Singles and downloads - October 2013


Single of the month is Honeyblood's Bud with other tracks from Roman Nose, John Knox Sex Club, Over The Wall and The Spook School

Honeyblood - Bud

(Fat Cat) ●●●●●

They’ve long made us swoon with their vintage scuzz-rock, but Glasgow grrrl-pop duo Honeyblood ramp up their charms on harmonic alt-chorale ‘Bud’, their first release for Fat Cat. Reminiscent of Stevie Nicks, The Go-Gos and Best Coast, and possessing a bridge to die for, ‘Bud’ is a glorious reminder that Honeyblood are sweet as you like, but equipped to wound, and the 7”, fittingly, comes on pink vinyl – the colour of petals, and cadavers. (NM)
Honeyblood play Henry's Cellar Bar, Edinburgh, Wed 30 Oct, with Poor Things.

John Knox Sex Club / Over The Wall - Animals/ Tell Her I Love Her (Split 7”)

(Gerry Loves Records) ●●●●

The congenial Edinburgh DIY label furthers its repute for flawless taste in Scottish pop (previous releases include Conquering Animal Sound, Adam Stafford and Rick Redbeard), and gorgeous physical artefacts (this one comes on mint-green vinyl). The split-single heralds welcome returns from art-rock deviants John Knox Sex Club with prowling midnight aria ‘Animals’, and electro-pop heartbreakers Over The Wall, whose exquisite tech-rock serenade, ‘Tell Her I Love Her’ is worth your coin alone. (NM)
Split single launch, Stereo, Glasgow, Sat 19 Oct.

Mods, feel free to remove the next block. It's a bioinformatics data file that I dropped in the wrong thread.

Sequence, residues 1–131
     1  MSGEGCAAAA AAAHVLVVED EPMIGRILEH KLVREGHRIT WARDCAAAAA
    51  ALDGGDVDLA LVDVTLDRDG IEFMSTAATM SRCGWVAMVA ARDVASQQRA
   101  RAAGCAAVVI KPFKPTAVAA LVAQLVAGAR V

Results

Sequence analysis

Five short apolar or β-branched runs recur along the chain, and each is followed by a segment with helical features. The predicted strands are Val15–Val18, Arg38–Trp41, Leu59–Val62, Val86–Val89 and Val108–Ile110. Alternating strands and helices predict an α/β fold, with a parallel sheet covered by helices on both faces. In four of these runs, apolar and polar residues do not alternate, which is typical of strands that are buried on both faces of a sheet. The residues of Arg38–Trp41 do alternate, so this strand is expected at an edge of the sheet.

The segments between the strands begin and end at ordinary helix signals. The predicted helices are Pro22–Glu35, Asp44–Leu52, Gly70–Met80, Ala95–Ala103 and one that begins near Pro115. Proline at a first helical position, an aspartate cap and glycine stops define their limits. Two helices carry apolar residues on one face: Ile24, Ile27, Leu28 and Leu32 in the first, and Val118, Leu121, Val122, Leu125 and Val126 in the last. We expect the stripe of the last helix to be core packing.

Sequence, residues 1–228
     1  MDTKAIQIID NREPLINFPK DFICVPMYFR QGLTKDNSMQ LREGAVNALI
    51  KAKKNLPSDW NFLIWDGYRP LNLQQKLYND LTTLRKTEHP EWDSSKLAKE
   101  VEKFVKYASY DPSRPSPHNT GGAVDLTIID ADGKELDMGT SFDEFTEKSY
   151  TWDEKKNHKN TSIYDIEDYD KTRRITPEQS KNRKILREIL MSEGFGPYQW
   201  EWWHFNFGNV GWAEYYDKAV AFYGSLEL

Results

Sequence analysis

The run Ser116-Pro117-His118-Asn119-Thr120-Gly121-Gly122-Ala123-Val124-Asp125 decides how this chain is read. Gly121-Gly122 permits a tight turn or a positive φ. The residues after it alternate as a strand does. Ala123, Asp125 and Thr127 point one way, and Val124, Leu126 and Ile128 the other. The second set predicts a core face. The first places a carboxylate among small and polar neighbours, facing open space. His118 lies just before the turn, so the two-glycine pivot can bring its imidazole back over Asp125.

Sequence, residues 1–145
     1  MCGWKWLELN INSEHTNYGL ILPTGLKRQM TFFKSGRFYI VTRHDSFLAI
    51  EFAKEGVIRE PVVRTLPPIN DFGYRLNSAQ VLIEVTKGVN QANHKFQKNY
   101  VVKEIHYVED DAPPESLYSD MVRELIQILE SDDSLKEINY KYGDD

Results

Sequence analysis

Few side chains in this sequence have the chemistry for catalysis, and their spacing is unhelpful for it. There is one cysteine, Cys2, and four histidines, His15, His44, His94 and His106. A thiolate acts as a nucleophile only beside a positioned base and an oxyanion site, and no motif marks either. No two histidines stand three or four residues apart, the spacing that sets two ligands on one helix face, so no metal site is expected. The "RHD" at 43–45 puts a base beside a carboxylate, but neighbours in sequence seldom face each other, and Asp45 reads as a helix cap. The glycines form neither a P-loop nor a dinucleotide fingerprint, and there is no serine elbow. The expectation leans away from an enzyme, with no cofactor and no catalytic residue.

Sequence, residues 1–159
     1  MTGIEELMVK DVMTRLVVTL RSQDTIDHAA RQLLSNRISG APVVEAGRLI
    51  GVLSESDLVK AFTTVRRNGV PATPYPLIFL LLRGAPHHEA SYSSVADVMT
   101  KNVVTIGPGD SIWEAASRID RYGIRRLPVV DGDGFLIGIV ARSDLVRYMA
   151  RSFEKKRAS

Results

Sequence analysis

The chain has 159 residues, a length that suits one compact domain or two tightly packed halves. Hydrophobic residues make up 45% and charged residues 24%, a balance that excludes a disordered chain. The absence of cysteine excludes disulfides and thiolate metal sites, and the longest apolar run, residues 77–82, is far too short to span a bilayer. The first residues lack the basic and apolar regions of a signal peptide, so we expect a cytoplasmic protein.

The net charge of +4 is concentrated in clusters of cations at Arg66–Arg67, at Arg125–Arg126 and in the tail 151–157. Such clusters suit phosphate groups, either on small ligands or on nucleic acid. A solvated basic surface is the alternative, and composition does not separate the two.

Roman Nose - Long Live Our Friend the Revolver EP

(Badly Built) ●●●●

And so they return, these fathomless machine-beasts, tooled-up with churning industrial electro: all the better to soundtrack our nightmares. There is something deeply troubling, yet utterly compelling, about Glasgow’s Roman Nose, as first evinced on the excellent Youthclubbed EP, and further reconnoitred on Long Live The Revolver, which sees the masked trio invoke apocalyptic dread on ‘Coming For You’ and ‘The Bombers’, before throwing up the strobe lights for ‘Bra-in-i-ak’s Delia Derbyshire disco. (NM)
Roman Nose play Stereo, Glasgow, Thu 17 Oct, a ListLive night also featuring Marnie (Ladytron), Plum and Square K.

The Spook School - I’ll Be Honest

(Fortuna POP!) ●●●●

Edinburgh indie four-piece The Spook School are a loveable (post-) punk spirited rabble who explore gender, sexuality and identity via the medium of DIY party-pop. ‘I’ll Be Honest’ is the first single from the raucous collective’s ace debut album, Dress Up, and offers a wired introduction to the charms of Nye Todd, Adam Todd, Anna Cory and Niall McCamley – fierce riffage, rag-tag harmonies, bouncing rhythms and insatiable pop hooks. They are a joy. (NM)
The Spook School play the Wee Red Bar, Edinburgh, Fri 18 Oct and the Glad Cafe, Glasgow, Sat 19 Oct, supporting The Flatmates. Spook School album launch, Henry's Cellar Bar, Edinburgh, Fri 11 Oct.

These New Puritans – ‘Organ Eternal’

(Infectious) ●●●●●

These New Puritans have, over the past few years, undergone a significant transformation. One which has seen them evolve from post-punk revivalists to neo-classical art rockers. This, the second single from the band’s latest album Field of Reeds, is the victorious crescendo of this evolution. The single is led by a Reich-like conversation between piano and vibraphone, one which is enchanting and haunting in equal measures, between which the morose mutterings of vocalist Jack Barnett enter, in a similar vein to those of Thom Yorke. It moves seamlessly between transitions, mimicking the majestic yet ominous swelling and subsiding of a tide with strings, horns, piano and vocals all working together in perfected chaos. (AL)